Bayer Shares Surge on Report of $8 Billion Roundup Weedkiller Settlement

    Bayer shares traded sharply higher Friday, well outpacing the broader German market, following a report that suggested it could pay $8 billion to settle thousands of lawsuits linked to its Roundup weedkiller.

  • Benzinga

    Bayer To Buy Out Stem Cell Therapy Company BlueRock For Up To $600M

    German chemicals and pharma company Bayer AG (OTC: BAYRY) announced an agreement Thursday to buy out the remaining stake it does not already own in Cambridge, Massachusetts-based BlueRock Therapeutics, a privately held stem cell therapy company. BlueRock was established in 2016 as a joint venture between Bayer and Versant Ventures, with the former holding a 40.8% stake. BlueRock's cell therapy portfolio focuses on neurology, cardiology and immunology, using a proprietary induced pluripotent stem cell, or iPSC platform.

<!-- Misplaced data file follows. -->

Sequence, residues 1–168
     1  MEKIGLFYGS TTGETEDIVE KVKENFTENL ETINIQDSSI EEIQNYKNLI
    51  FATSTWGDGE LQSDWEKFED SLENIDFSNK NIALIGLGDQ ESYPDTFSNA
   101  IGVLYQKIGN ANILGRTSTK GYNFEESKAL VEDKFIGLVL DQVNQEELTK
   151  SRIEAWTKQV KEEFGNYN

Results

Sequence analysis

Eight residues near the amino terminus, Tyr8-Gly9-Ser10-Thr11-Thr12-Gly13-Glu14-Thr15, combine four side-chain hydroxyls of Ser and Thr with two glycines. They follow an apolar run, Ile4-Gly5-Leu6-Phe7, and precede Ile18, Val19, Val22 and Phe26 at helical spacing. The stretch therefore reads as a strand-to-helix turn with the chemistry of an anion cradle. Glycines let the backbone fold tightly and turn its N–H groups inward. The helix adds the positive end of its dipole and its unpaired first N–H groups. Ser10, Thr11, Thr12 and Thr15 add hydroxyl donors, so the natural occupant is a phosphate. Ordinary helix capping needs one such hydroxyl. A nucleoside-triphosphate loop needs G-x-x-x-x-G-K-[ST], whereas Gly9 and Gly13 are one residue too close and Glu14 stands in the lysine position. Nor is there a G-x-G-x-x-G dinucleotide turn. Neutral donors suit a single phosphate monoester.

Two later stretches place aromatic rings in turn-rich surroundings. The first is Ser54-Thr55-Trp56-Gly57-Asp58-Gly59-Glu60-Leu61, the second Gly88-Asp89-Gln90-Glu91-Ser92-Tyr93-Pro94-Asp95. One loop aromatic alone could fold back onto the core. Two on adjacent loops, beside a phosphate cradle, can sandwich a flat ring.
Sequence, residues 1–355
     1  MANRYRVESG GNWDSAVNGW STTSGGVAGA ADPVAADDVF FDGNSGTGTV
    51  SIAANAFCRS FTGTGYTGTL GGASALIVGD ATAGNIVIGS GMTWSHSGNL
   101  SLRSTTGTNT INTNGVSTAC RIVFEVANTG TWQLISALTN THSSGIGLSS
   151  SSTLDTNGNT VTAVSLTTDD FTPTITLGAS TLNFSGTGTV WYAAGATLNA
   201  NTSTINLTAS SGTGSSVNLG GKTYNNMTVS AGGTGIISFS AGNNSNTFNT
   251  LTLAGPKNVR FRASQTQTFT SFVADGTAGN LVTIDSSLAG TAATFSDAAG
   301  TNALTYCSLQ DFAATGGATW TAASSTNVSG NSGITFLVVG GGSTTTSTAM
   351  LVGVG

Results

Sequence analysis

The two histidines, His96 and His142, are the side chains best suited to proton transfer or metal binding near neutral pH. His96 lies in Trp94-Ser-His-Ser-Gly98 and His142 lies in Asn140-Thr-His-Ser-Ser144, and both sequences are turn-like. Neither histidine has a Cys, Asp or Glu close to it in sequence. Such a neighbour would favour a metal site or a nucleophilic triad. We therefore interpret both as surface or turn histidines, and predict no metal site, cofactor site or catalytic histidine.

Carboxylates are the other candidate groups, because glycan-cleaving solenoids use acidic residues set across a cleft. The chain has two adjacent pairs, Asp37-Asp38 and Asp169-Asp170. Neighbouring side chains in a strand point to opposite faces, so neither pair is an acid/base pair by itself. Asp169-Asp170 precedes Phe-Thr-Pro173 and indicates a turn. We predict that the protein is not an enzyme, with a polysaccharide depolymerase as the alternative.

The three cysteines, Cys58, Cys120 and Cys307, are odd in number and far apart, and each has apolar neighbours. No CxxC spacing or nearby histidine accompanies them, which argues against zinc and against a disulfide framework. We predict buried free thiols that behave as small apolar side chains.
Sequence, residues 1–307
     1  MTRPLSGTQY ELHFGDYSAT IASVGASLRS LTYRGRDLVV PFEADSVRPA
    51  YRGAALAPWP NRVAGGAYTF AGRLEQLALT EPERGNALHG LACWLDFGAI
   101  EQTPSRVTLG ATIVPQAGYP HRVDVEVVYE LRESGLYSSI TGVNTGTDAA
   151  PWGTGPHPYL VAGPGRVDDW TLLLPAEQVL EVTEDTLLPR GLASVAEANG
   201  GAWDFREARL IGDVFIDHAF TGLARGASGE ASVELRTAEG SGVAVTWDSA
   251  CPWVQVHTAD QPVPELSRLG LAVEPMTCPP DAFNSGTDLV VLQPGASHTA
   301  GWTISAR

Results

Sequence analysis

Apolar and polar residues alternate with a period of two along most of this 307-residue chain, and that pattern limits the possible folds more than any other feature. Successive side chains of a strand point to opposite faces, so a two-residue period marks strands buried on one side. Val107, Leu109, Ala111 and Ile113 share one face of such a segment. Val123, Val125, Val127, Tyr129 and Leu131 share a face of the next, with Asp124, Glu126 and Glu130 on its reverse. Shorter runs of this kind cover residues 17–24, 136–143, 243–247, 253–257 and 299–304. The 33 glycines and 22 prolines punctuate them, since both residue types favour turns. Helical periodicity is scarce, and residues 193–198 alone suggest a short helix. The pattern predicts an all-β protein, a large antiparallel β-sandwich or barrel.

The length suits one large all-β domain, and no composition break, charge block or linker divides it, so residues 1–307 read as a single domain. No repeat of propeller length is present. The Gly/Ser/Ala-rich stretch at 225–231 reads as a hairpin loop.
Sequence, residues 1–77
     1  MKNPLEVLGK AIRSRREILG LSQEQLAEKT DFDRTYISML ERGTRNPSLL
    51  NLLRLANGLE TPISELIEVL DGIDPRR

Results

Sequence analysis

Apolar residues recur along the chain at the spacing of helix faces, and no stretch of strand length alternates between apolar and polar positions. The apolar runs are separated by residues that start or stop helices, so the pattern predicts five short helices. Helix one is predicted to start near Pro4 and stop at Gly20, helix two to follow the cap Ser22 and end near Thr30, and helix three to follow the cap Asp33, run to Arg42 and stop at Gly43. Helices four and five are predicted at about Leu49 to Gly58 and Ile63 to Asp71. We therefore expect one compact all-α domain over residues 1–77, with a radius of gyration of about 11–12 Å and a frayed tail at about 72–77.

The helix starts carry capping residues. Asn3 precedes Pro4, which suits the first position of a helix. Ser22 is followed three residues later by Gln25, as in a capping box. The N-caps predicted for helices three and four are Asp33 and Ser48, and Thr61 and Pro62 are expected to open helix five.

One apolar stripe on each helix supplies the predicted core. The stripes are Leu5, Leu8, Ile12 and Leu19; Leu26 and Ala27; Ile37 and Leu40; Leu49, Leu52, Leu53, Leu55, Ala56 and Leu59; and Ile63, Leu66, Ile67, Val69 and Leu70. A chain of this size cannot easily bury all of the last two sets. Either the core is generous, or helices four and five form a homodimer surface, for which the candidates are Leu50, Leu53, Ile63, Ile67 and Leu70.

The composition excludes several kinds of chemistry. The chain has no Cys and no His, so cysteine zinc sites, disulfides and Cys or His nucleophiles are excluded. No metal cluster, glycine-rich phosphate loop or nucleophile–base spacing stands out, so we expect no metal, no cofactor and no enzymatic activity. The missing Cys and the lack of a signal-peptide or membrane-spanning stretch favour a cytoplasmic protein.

• Bayer buys BlueRock in $600 million bet on stem cell therapies
    Reuters

    Bayer buys BlueRock in $600 million bet on stem cell therapies

    German drugmaker Bayer is paying up to $600 million for full control of cell therapy developer BlueRock Therapeutics, stepping up investment in a promising new medical area to revive its drug development pipeline. Having established BlueRock as part of a 2016 joint venture with Versant Ventures, Bayer will acquire the remaining 59.2% stake for about $240 million upfront and an additional $360 million depending on certain development achievements, it said on Thursday. BlueRock, valued at about $1 billion by the deal, is working on induced pluripotent stem cells (iPSC), made by reprogramming mature body cells to behave like embryonic stem cells that are injected to restore diseased tissue in patients.

  • MarketWatch

    Bayer to acquire biotech BlueRock Therapeutics